Episode 28 : You Can’t Make Someone Tell Their Story

by Ian

in Conversation, Interview, Podcast, Sharing Stories

How to help someone talk about things they don’t want to


You can't force the conversation via Flickr

It’s an oft asked question. How do I get someone to talk and reveal something that they just refuse to talk about?

This is not just for us and our desire for the stories of someone’s life but it’s also the same for finding out who batted the ball through the window or how did the political sensitive documents come into the hands of the enemy. How do you get someone to talk about something if they don’t want to?

Ultimately, when push comes to shove, if despite the most severe ramifications, someone doesn’t want to speak, there is nothing that can be done. Secret agencies and thugs around the world have always used torture in attempts to achieve these ends and are still thwarted by people who will make mortal sacrifices in order not to reveal what they know. If in the most severe of situations people can remain silent how would we help someone to open up that we care about and don’t wish to cause distress? We can actually take some ideas from the world of espionage and psychology to help us with the winning of confidence. Whether it be when a spy infiltrates a group, or the good cop, bad cop routine or simply when someone feels comfortable enough to talk to their therapist, in each case they have been won over to revealing information to someone they trust.

Unlike the world of force, coercion and inquisition we are approaching these topics with compassion, with an interest in understanding things without causing any distress.

I’ve had the good fortune of having some conversations where people open up for the first time in their lives about topics and in my experience it will only happen if they are prepared to share and feel comfortable, particularly if it’s a sensitive topic.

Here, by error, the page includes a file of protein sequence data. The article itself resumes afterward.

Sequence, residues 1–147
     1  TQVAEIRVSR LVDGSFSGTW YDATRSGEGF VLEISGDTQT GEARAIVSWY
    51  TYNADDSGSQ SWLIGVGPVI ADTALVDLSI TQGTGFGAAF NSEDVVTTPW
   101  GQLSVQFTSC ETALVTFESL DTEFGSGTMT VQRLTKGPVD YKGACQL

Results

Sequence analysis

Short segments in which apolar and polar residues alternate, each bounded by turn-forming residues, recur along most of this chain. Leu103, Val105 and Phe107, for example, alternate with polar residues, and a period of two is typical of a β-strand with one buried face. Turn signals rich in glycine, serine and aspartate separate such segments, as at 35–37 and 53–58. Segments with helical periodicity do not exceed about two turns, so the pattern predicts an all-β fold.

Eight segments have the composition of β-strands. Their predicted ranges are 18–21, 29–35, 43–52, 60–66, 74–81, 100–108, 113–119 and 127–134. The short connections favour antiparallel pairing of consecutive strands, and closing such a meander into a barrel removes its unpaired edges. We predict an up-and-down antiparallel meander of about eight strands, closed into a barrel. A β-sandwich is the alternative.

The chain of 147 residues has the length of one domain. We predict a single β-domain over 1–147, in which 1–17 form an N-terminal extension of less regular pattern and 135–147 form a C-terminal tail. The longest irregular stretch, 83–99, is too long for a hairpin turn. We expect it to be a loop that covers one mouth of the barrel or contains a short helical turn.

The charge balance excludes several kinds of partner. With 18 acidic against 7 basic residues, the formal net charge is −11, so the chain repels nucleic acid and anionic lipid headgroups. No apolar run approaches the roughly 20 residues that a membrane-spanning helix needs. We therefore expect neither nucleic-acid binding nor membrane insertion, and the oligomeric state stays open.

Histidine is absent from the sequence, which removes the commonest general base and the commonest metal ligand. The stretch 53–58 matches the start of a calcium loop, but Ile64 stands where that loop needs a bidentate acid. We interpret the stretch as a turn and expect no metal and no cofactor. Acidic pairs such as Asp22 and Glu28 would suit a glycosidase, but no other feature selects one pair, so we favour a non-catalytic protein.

There are several reasons why someone will feel comfortable to open up and share difficult to express topics.

Empathy for my life story

Empathy helps them share

  • Comfortable with the relationship – mutual respect
  • Knowing that what is said is clearly understood
  • Environment that fosters memories and discussion
  • Respect and non judgement
  • Clear understanding of a non threatening agenda

Not all of these points need to be achieved but depending on the personality, topic and emotional baggage a variety of these will assist in help them to express the subject.

Understand and relate to the them with empathy

Empathy is the ability to understand the situation of another person, without personally emoting with the experience that they have had. To understand deeply the joy or sadness of their story, without feeling joy or sadness but simply relate to the story as if it’s being told from a film or book. You understand but are not involved emotionally. Buying into the emotions is sympathy and disables your ability to discuss the topic from a neutral point of view, whereas empathy enables you to relate and be deeply connected to the stories while still remaining on task as someone directing the conversation because your not emotionally involved.

By having and showing empathy with a person’s story they will feel relaxed and confident to know that you’re involved, understanding and non judgemental of the stories being told, helping them to open up and share as they know they are on safe ground.

How to be empathic and express it

Generally descriptions of empathy are – The ability to understand and share the feelings of another. It’s all well and good to feel empathy for the story that is being told but it’s possibly even more important to be able to communicate that empathy to the other person. This will give them the confidence that you understand the emotional content of what they are saying and help them to know that they can express whatever they choose without concern.

To be empathetic

  • Listen – Shut up the self talk and answer development and just Listen!
  • Self awareness of your own biases, values and prejudices and put them to one side – be neutral
  • Genuine interest and understanding in what is being told
  • Know some of the back story
  • Respect their points especially if you comment inappropriately
  • Have an attitude of fascination with their story
  • Take time to build connection

Expressing empathy

  • Ask questions and comments to show that you’re listening
  • Your opinions and experiences of a topic can be used with caution to connect
  • Listen intently to express that what they say is important
  • Expressing non-verbals including body language and facial expressions
  • Mirroring with conversation, body language and personal mannerisms
  • Don’t minimise their experiences with off the cuff expressions i.e. Everything is fine, you’ll get over it, etc
  • Give them space in the discussion. Remain silent after asking a difficult question
  • Take time to evolve a relationship that expresses empathy